Mr Hilton always takes a detailed history and performs a neurological examination as the first of any diagnosis process. Imaging is used usually to confirm, or exclude, a diagnosis and this is generally in the form of standing X-rays, a MRI and occasionally a CT scan (See section on MRIs and CTs).
The important thing to remember is that although you may have a wear and tear or a prolapsed disc, the symptoms need to match your scan. For example, a disc prolapse at L5/S1 does not usually cause pain down the front of your thigh as that is more likely to be coming from the L2/3 level.
What treatment is available?
Treatment options then depend upon the severity and duration of the symptoms as well as the underlying cause. Changes seen include facet joint arthritis, degenerative disc disease and spondylolisthesis. Treatment options then fall into three main categories.
Improving spinal mobility, core muscle strength and overall fitness may improve the pain to a manageable level.
The natural history of the condition is that over 90% of patients will improve with no interventional treatment. Simple pain control, using over the counter medication such as paracetamol or anti-inflammatories, eg. Ibuprofen, are helpful. Occasionally, diazepam can be used to help relieve back spasm and break the pain cycle and help improve mobility but this should be discussed with your GP and should only be used for a few days.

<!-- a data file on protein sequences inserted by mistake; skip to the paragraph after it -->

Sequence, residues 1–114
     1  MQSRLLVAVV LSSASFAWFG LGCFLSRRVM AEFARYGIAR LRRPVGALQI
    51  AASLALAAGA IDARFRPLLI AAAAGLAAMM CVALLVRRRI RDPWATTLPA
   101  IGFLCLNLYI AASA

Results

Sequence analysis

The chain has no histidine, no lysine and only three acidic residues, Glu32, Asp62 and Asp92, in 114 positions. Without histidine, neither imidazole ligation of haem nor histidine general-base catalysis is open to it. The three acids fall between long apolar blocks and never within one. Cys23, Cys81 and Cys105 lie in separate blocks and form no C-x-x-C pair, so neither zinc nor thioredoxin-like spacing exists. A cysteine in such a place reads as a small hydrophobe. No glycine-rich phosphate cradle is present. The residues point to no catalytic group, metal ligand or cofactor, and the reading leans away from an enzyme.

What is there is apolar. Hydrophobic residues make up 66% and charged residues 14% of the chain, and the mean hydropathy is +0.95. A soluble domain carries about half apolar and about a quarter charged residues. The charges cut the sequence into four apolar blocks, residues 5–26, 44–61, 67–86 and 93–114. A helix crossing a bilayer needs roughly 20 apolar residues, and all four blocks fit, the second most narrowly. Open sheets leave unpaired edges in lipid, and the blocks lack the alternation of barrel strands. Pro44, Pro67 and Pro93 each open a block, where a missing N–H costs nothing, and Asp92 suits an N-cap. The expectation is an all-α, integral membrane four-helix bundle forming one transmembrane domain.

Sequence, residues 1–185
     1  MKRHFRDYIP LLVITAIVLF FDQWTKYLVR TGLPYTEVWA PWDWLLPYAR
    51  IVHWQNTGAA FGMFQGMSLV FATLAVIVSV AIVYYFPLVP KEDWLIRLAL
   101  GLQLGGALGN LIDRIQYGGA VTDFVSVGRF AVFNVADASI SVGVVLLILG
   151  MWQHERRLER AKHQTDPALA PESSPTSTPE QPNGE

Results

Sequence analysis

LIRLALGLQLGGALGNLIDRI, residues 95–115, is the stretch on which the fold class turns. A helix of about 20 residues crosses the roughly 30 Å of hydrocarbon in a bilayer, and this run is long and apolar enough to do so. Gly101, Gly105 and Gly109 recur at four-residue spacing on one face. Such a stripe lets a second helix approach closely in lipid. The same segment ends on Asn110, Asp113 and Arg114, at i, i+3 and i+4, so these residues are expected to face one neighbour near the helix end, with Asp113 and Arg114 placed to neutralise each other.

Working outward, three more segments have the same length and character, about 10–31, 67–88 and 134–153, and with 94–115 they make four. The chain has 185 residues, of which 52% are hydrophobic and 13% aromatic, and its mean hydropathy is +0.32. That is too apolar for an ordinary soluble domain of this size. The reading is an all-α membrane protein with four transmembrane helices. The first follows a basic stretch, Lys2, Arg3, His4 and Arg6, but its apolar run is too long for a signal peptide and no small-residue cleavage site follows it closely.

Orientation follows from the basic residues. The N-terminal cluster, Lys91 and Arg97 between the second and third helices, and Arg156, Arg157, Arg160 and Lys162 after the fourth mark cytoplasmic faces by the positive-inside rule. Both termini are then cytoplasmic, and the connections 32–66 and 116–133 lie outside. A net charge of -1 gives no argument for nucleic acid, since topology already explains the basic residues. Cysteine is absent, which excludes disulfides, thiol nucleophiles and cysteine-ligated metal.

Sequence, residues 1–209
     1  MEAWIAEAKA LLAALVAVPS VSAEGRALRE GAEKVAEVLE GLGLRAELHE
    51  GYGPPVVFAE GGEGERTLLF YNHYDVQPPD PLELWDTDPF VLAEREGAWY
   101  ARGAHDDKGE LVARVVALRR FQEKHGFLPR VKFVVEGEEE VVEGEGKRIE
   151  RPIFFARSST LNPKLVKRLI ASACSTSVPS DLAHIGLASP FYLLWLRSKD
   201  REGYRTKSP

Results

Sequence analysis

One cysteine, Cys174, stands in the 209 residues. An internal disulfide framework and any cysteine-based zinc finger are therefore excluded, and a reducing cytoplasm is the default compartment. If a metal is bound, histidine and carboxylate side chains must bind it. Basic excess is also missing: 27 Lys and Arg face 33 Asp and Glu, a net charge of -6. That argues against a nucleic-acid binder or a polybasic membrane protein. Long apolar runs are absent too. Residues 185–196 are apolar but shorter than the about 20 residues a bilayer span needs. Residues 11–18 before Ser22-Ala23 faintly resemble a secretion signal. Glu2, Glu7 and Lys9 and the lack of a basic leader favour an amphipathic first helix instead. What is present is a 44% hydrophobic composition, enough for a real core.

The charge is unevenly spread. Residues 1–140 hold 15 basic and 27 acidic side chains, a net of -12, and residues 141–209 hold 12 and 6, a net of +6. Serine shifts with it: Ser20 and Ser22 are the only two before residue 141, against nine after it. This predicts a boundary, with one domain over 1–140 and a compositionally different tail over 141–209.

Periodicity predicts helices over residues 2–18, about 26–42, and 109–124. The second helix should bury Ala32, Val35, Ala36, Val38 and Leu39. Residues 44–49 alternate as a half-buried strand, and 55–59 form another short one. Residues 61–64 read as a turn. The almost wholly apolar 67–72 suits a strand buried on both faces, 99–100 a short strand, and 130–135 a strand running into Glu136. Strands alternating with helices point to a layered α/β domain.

X-ray guided epidurals and nerve root injections can be extremely useful in patients to help to relieve leg pain (and sometimes altered sensation) associated with a disc prolapse, while the natural healing occurs. They are also very useful in the diagnostic process and they can confirm or exclude a diagnosis. Spinal injections have the advantage of being performed under local aneasthetic or sedation and although there are potential risks and side effects, these are extremely rare. Also it is estimated that 60% of patients will have significant relief of symptoms, which may be permanent.